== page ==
Overturning a Guilty Verdict in a Federal Criminal Appeal
If you have been convicted, but you think that the jury was wrong on the verdict, you may want to overturn this. You can challenge the jury’s conclusion to have an opportunity to exonerate your good name. Many would believe that this is what appeal is for. Many think that an appeal is meant to challenge the verdict. Although it makes sense, federal criminal appeals do not work this way and the reason for the appeal too.
The process of federal appeal is not easy like any other process in a legal system. The process has rules that must be followed. Imagine if anyone convicted could appeal to prove innocence after being found guilty. Many people would want to appeal, and this would lead to the justice system being overwhelmed. Appealing is crucial because it is used to challenge the presented evidence at a trial. The appeal considers the case and what was presented only. It means if you have a witness who was not there during your trial, he/she cannot come forward during the appeal. Even if you believe that the witness has valuable evidence to help in the appeal, they cannot come because an appeal looks at what was presented.
One of grounds of an appeal is if the prosecutor had crucial evidence that he was supposed to share because of legal obligation but did not share. You could use this as a ground to appeal for the verdict. The main purpose of an appeal is to challenge the technical issues of the case. For example, if you believe that some rules were broken, there was no adherence to timelines or failure to follow statutory laws. You could use these to make your appeal.
In a federal case, appeals may fail to overturn a guilty verdict, but if you think that you were improperly convicted or the trial was unfair, you may want to take legal action. The court, as well as the prosecutor, should follow the rules. If they do not follow the rules, consequences are there. The consequences of this include doing away with the verdict and starting a new trial.
If convicted in a criminal case, appealing enables you to challenge the finding of the jury. It gives you a chance to show that you are not guilty and the jury was wrong on their verdict. If convicted, what you want to do is to make the court of appeal to agree with you that the jury was wrong and that the jury improperly convicted you. Appealing is sensible because if you are innocent, you would want to appeal and change the finding by the jury. The problem is that appeals are difficult to bring.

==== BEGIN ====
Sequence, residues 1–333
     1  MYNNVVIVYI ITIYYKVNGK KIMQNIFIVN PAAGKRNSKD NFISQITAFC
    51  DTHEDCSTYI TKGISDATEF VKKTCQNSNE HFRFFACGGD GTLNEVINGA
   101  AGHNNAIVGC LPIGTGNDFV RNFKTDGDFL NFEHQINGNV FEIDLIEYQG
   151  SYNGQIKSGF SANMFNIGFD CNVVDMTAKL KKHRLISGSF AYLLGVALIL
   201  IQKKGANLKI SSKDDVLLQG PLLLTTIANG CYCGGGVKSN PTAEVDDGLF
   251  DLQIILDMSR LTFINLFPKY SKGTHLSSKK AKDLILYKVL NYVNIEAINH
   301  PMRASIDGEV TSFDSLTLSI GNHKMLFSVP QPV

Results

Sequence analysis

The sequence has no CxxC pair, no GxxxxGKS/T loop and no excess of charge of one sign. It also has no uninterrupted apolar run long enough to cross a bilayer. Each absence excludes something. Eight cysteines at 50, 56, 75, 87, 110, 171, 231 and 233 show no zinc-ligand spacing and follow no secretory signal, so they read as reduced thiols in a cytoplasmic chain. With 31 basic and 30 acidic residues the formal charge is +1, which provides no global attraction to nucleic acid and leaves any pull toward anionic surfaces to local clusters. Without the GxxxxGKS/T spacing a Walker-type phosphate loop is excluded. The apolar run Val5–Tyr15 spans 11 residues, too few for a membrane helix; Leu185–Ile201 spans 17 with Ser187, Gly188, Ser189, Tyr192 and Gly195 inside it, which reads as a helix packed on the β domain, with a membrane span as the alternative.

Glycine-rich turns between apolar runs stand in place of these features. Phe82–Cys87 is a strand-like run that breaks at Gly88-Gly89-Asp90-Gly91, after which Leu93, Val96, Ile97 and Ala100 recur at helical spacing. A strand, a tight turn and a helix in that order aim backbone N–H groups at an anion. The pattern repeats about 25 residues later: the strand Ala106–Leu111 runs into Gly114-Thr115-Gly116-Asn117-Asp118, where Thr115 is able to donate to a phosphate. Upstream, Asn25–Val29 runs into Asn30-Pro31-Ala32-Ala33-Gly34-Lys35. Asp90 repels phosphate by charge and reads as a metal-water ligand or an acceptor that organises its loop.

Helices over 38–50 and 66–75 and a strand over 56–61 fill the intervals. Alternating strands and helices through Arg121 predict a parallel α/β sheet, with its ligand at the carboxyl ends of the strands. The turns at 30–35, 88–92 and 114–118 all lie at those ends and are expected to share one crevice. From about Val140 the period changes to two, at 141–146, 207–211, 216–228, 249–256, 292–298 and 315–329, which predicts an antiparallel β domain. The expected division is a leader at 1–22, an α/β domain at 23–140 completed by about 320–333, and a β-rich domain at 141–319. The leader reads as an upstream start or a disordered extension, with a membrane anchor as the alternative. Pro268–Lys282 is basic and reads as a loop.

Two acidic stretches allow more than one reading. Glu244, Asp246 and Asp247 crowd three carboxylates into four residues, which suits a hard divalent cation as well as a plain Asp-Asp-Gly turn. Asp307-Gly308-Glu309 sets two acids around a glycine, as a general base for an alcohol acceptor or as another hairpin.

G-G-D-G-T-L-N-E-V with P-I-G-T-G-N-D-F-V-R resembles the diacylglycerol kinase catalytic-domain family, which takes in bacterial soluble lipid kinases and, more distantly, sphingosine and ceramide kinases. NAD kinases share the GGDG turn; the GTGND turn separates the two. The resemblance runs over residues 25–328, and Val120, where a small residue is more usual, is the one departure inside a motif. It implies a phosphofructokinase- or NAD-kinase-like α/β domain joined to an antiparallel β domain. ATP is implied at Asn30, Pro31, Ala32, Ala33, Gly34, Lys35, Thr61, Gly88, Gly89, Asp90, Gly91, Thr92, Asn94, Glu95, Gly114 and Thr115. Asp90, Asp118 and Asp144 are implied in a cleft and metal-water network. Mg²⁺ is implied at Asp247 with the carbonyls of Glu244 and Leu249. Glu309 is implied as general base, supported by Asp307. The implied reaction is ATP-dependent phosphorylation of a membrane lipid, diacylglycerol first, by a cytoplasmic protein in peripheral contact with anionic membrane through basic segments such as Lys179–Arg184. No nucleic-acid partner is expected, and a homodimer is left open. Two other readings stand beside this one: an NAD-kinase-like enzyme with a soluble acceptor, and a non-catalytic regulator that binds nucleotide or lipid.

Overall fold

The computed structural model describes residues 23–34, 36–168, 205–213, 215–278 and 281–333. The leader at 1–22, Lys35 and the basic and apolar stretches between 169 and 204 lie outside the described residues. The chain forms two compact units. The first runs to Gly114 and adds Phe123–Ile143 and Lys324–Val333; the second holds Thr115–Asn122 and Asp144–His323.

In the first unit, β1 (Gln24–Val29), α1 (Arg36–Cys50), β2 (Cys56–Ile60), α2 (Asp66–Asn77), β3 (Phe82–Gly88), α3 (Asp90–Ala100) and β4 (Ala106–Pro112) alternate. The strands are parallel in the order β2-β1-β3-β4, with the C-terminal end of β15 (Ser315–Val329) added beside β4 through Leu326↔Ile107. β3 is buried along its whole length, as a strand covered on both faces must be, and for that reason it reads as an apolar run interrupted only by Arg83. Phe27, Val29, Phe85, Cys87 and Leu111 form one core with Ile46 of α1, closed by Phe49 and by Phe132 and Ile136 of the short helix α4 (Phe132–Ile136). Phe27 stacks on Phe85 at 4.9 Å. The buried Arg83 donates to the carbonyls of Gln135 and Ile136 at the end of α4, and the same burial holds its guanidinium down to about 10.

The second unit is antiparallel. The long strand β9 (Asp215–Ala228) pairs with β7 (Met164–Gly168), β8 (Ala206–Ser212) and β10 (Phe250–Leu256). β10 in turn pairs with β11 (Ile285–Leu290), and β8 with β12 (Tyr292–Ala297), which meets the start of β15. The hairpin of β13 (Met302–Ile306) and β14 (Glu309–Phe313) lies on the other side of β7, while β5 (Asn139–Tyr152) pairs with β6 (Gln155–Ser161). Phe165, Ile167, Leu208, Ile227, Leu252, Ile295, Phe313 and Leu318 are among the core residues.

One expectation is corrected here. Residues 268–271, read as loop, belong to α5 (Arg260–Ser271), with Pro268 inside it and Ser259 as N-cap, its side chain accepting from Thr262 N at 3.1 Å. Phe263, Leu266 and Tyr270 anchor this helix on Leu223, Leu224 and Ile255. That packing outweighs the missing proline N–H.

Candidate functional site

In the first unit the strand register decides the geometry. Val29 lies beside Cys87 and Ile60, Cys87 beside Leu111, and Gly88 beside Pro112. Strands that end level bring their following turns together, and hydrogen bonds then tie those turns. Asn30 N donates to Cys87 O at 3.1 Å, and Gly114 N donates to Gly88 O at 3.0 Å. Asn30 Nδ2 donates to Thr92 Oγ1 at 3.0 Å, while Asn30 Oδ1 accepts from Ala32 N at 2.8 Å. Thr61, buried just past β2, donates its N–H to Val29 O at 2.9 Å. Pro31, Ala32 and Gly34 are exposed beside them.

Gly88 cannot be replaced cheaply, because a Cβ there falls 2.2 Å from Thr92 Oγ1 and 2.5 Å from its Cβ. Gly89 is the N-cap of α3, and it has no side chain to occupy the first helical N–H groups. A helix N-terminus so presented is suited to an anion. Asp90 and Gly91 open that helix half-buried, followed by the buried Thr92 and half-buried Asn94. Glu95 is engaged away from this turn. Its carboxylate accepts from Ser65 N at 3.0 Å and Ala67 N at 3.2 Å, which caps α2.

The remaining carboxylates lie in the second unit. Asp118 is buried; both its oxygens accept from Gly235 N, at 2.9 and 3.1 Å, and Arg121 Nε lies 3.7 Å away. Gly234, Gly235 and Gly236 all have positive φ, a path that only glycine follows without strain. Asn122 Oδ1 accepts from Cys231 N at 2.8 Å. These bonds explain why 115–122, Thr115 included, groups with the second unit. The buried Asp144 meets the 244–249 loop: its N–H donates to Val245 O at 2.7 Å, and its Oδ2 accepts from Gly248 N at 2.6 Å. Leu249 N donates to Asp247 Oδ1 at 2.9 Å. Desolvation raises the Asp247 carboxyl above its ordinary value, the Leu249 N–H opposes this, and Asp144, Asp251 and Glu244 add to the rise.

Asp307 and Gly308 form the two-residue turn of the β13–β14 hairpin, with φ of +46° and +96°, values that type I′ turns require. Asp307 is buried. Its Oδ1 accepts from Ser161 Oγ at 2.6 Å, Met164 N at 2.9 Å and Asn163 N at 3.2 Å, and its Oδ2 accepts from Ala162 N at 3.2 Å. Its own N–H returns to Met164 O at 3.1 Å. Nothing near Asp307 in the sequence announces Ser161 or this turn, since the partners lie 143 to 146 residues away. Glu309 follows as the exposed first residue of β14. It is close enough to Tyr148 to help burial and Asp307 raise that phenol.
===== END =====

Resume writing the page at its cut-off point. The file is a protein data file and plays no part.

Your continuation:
The first reason why they are difficult is the standard used by courts when looking at the verdict and whether it should be upset. It is difficult to meet the standard. The standard is if there is anyone who was reasonable in the jury when they looked at the evidence and came up with the decision that the person was guilty. The court of appeal looks at whether the interpretation is reasonable and if the evidence presented is consistent to prove guilty. They look at various things like what government introduced, what the prosecutor introduced and what was introduced by the person on trial. When they consider all these, they will not overturn the verdict. They will say they are not taking the conviction away.
It is difficult to bring an appeal also when you want to argue that the jury did not see some documents or they did not hear from a particular witness. You may think that if the jury had seen a particular document or they had heard from a certain witness, they would have reached a different conclusion. But this cannot work because in a federal case you will only use what was used during the trial and you cannot add other witnesses or documents. If you think that you have evidence, that could change the jury’s final decision, and you will not bring it to the court of appeal.
Such challenges face appeals. In most cases, the appeal will work when there are technical elements. You can make use of technical elements and succeed in your appeal. For example, if something should have crossed a state line but the government failed to show it. For example, if FDIC should have insured the bank but the government neglected this and failed to introduce such evidence this could be the best position to win your appeal. However, such cases are rare to happen. If they happen, you may use them to overturn the verdict by the jury. You can visitthis resource center to get important information to help you understand how appeals work.